The Pharisees sought in every way to destroy the force of the truth, and to eclipse the light of God from the view of the people. Professing to be representatives of God, under the garb of religion, they committed the grossest transgressions. Christ came to represent the Father, and therefore they were stirred with enmity against him, and were determined to put him out of the way. Christ placed the principles of the Gospel before the minds of his disciples and the people in order that they might see how great was the contrast between the spirit of true religion and that of the religion professed by the Pharisees. ST July 16, 1896, par. 4

John and James, who made the request that they might sit, one on the right hand and the other on the left hand of Christ in his kingdom, did not make this request in the spirit that many have thought they did. They both loved Christ, and desired to be as close as possible to his person. It was customary for John to take his position next to the Saviour at every possible opportunity. James also longed to be honored with as close a connection with Christ as John desired. But when the ten heard of the request that had been made, “they were moved with indignation against the two brethren.” Jesus called his disciples to him, and said: “Ye know that the princes of the gentiles exercise dominion over them, and they that are great exercise authority upon them. But it shall not be so among you; but whosoever will be great among you, let him be your minister; and whosoever will be chief among you, let him be your servant.” This means that those who would be great in the church of God must act as true shepherds in his church. They are to follow the example that Christ has given. “And whosoever will be chief among you, let him be your servant; even as the Son of man came not to be ministered unto, but to minister, and to give his life a ransom for many.” ST July 16, 1896, par. 5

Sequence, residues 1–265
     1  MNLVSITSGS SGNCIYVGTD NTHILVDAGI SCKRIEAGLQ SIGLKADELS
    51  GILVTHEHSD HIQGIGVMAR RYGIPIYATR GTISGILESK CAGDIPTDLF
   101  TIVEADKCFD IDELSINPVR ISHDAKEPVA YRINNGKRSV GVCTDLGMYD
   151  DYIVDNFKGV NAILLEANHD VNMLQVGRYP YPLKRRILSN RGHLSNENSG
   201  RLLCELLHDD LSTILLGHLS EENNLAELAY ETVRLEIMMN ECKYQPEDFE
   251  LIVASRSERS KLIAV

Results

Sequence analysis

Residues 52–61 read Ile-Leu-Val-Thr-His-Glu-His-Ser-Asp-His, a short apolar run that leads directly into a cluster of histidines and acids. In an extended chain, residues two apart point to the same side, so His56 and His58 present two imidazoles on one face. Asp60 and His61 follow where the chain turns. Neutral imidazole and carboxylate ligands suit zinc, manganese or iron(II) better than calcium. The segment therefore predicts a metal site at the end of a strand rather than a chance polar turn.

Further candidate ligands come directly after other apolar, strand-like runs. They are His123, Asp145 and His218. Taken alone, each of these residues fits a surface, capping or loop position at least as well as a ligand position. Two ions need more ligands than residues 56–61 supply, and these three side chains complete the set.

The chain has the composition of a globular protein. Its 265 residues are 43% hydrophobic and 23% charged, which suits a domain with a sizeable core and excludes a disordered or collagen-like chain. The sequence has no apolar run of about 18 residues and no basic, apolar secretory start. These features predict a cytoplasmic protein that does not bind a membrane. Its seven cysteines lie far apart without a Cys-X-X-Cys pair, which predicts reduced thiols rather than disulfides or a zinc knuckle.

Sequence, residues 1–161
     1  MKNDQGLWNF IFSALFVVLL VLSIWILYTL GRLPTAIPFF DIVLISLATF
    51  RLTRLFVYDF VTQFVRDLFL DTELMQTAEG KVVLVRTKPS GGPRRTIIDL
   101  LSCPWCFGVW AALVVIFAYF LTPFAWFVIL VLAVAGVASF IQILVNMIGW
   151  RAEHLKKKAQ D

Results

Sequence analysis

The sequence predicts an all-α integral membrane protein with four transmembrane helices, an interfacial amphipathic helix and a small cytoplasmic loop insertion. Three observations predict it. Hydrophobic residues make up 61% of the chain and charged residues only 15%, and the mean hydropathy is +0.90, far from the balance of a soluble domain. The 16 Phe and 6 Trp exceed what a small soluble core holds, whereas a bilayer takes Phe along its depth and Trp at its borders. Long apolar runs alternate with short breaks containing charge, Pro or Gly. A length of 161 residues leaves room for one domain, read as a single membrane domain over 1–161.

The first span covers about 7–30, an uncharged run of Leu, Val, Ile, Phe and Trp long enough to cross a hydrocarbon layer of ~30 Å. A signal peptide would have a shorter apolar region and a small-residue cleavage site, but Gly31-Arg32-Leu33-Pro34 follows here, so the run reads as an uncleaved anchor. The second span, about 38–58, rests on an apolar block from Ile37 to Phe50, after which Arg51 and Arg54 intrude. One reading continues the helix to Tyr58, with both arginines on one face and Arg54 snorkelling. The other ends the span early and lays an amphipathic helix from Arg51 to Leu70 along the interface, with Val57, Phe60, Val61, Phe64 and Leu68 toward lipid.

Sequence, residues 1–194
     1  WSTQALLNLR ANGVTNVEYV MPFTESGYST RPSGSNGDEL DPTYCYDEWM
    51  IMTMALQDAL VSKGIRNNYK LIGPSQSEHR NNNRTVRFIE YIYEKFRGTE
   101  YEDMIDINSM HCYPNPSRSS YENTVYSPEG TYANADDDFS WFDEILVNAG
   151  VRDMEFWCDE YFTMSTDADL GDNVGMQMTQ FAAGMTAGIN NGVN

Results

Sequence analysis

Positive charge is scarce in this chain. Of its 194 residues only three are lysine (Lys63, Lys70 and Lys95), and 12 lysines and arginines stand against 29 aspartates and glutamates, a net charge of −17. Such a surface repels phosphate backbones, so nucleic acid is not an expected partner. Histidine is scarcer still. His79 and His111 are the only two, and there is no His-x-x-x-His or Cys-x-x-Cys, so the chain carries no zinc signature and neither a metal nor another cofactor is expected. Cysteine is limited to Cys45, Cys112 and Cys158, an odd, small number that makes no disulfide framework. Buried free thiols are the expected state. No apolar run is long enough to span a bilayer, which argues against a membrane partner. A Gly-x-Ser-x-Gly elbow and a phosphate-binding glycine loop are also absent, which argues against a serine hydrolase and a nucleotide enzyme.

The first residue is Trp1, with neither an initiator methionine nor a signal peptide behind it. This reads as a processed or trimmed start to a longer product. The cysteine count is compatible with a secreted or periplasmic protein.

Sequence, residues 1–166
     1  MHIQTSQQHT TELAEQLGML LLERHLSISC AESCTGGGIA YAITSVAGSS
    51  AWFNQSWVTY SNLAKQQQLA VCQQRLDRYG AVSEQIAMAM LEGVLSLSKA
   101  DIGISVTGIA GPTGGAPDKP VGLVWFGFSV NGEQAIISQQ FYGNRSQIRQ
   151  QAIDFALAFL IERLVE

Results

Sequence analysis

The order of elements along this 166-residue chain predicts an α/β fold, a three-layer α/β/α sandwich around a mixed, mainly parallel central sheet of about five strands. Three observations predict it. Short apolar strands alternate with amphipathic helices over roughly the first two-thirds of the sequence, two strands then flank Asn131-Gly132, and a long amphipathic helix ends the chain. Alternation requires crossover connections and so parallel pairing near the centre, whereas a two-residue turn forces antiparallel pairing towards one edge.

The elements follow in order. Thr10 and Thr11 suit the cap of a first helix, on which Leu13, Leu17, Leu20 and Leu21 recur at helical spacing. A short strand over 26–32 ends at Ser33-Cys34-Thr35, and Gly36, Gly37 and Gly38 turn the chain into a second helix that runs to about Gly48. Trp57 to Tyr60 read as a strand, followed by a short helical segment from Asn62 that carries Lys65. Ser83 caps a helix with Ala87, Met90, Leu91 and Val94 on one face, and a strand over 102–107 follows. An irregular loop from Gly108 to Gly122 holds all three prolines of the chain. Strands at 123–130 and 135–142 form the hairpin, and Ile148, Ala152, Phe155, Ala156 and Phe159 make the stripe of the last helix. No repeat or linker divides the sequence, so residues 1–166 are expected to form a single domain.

The Mind of Christ

Jesus did not come to earth with outward pomp and display. His works of divine love and mercy were to testify to his divine origin and character. Those who would not receive him because of his outward humility, would be of no value to the Saviour, no blessing to humanity. He clothed his divinity with humanity, and yet he did not require that any one should minister unto him. He came to labor for others. He ever strove to do men good; he provided for their necessities. Among his disciples he was in every sense a care-taker, a burden-bearer. He shared their poverty. He practiced self-denial on their account. He went before them to smooth the more difficult places, and now he was nearing the time when he would consummate his work for men on earth by laying down his life. He paid his life as the price for our redemption. ST July 16, 1896, par. 6

The lessons given to the disciples of Christ, are full of significance, and present most profitable instruction for us who believe. We are not to act after the manner, precept, or example of men who are in authority in earthly positions, but to minister to others, to be servants to all, “even as the Son of man came not to be ministered unto, but to minister, and to give his life a ransom for many.” The kingdom of God is established on different principles than are the kingdoms of this world. There is to be no rank among the servants of Christ. Christ says, “All ye are brethren.” The rich, the poor, the learned, the unlearned, the bond, and the free are equally God's heritage, and he who is most exalted in the sight of God is he who has most genuine humility, the deepest sense of his unworthiness, the greatest realization of his dependence upon God. Those who truly love God, truly love their fellow-men. They constantly seek to do good to all those who are connected with them. They are laborers together with God. ST July 16, 1896, par. 7